Stacks  N2505 A9 K6 1989
Marks of Ownership
Physical evidence of past owners—such as stamps, inscriptions and bookplates—are important clues in piecing together a picture of ownership and descent over time. The sources listed below may be helpful for identifying and deciphering known collectors’ marks.
Fagan, Louis. Collectors’ Marks.  Arranged and edited by Milton I.D. Einstein and Max A. Goldstein.   St. Louis:  The Laryngoscope Press, 1918.
Stacks  N5200 A1 F3
Lugt, Frits.  Les marques de collections de dessins et d'estampes: marques estampillées et écrites des collections particulières et publiques, marques de marchands, de monteurs et d'imprimeurs, cachets de vente d'artistes décédés, marques de graveurs apposées après le tirage des planches, timbres d'édition, etc.  La Haye:  M. Nijhoff, 1956.
Reference  N5200 A1 L8 Repr
Ricci, Seymour de.   English Collectors of Books and Manuscripts (15301930) and Their Marks of Ownership. Cambridge:  Cambridge University Press, 1930.
Stacks  NE900 R53
Auction Sales Indexes and Auction Catalogues
The Clark library has a strong collection of auction catalogues, shelved under the call number N8660 and organized by auction house and then by sale date. Catalogues in the library’s offsite storage facility can be requested by contacting the library two days in advance of a visit.
Search the library online catalog to find a specific catalog by title, sale date, or sale code. The indexes below (some electronic and some print) can be used to search for artists and works of art.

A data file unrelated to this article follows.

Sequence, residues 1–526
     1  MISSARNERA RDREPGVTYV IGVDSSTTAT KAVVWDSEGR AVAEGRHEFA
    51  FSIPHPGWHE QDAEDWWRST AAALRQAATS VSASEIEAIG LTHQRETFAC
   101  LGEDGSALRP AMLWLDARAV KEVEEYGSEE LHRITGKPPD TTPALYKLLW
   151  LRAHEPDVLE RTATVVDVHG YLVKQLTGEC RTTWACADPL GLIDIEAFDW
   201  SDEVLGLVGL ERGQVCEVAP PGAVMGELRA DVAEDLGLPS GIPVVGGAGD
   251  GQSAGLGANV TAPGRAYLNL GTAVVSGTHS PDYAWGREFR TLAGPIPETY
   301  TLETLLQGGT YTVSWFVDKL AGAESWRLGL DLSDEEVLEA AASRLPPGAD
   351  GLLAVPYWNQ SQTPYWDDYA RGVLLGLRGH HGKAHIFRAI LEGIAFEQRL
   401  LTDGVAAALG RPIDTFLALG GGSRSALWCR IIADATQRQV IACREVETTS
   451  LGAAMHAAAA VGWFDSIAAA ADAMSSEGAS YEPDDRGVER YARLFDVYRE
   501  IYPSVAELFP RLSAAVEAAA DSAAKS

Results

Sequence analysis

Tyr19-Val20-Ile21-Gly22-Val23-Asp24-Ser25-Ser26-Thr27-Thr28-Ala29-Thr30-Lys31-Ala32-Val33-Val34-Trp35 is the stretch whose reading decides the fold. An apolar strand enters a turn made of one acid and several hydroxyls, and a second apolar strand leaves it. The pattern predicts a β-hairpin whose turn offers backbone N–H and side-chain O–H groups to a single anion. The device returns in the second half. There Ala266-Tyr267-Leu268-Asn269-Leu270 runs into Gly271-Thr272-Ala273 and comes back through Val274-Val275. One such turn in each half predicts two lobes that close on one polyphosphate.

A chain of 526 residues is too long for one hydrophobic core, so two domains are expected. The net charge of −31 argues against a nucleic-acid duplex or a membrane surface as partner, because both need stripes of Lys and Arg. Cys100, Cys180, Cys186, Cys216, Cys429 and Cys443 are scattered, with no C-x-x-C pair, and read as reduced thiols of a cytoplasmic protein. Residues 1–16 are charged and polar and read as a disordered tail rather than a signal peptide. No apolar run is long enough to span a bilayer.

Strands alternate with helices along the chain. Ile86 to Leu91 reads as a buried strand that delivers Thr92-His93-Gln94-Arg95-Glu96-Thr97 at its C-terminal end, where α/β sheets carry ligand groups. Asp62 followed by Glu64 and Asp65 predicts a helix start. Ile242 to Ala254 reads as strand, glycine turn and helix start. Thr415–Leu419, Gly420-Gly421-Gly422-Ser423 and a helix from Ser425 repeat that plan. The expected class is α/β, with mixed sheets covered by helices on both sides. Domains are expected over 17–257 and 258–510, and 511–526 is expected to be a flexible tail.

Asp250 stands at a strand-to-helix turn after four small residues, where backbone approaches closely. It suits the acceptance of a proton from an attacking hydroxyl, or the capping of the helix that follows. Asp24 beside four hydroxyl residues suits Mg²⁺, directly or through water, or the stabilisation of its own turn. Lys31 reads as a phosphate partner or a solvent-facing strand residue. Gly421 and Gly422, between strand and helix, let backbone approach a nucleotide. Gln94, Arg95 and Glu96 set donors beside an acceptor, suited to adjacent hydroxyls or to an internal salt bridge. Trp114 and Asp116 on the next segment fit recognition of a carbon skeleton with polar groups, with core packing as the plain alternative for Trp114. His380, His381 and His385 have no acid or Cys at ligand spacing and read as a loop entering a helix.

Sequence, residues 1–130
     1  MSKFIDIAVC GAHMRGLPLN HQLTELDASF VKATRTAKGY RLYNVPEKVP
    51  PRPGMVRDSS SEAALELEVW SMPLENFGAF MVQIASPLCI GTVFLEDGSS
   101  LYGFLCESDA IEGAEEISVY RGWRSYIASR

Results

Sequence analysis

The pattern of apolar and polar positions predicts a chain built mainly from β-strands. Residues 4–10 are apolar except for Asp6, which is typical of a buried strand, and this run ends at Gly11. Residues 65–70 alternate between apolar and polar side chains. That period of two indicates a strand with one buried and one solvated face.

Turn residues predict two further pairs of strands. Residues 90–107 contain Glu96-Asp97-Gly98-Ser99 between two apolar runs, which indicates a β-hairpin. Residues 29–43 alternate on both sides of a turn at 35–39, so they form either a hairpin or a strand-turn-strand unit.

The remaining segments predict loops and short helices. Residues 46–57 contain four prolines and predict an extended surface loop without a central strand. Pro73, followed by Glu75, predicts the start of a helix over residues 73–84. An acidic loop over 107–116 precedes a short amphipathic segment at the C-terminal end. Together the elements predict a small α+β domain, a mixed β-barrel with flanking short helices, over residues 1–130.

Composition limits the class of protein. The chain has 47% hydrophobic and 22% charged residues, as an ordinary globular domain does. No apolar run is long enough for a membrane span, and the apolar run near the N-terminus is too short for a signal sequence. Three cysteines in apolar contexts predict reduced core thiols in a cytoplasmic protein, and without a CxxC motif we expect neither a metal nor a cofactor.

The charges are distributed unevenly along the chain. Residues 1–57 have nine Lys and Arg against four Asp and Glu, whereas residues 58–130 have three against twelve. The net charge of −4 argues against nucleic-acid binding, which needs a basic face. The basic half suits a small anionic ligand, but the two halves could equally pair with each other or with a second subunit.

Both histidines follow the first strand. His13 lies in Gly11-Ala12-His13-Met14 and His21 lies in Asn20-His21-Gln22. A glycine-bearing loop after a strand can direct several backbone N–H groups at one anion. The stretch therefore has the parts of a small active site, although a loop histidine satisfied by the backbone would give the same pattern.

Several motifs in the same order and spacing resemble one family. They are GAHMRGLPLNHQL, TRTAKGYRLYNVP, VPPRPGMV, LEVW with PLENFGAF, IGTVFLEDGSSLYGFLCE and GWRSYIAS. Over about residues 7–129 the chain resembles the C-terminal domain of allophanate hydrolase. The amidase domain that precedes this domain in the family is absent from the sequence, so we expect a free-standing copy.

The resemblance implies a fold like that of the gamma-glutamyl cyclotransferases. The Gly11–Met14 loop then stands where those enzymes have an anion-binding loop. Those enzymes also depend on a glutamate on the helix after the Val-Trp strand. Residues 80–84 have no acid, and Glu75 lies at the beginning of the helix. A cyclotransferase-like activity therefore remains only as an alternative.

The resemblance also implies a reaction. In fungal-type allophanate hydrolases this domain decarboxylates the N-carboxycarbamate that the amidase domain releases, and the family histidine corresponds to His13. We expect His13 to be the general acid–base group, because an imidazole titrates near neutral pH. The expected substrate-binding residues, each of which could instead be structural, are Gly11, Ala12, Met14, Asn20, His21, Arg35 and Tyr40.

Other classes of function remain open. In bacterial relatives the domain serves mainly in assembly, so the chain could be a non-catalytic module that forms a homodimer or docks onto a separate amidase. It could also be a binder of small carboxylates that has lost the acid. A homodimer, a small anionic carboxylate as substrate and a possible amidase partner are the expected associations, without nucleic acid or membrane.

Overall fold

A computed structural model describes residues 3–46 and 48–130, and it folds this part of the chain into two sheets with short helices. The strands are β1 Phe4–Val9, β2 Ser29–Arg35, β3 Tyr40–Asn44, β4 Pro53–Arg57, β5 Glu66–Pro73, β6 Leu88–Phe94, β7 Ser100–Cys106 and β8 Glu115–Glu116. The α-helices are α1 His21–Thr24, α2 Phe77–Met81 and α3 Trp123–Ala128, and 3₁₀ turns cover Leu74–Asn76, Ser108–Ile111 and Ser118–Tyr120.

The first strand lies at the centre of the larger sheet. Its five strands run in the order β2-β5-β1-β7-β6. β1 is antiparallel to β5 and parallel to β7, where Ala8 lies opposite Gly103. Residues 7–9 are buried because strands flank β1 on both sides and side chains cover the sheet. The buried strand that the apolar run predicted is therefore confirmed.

Recent and Current Sales
Auction sales database covering sales results from major auction houses worldwide (especially North America and Europe) from 1985 to the present. Searchable only by the artist’s name. Includes color images of many works.
Electronic resource, available on site only
Database of auction sale results, from about 1995 to the present, for antiques and collectible objects; includes some coverage of fine arts.  Includes color images of many works. Unlike ArtNet, this database can be searched without knowing an artist’s name. 
Electronic resource, available on site only
Gordon’s Print Price Online
Online database of Gordon’'s Print Price Annual (see below). Covers international auction sales records of print sales from 1985 to the present. 
Electronic resource, available on site only
Gordon’s Print Price Annual.  Phoenix:  Gordon’s Art Reference, 1978–.
Annual record of prints sold at the most important European and American auction houses during the year.  Sale information includes auction house, sale date, lot number, price in local currency, and price in U.S. dollars.  For sales after 1985 see the online database above.
Offsite Storage, Stacks  N8645 G67 2004  (Library has 19781991, 1993present. 19781985 is in the Stacks.)
Twentieth-century sales
Annuaire général des ventes publiques en France. Paris: Editions Art et Technique, 19421943. Volume 2 has a supplement: Les ventes en Belgique.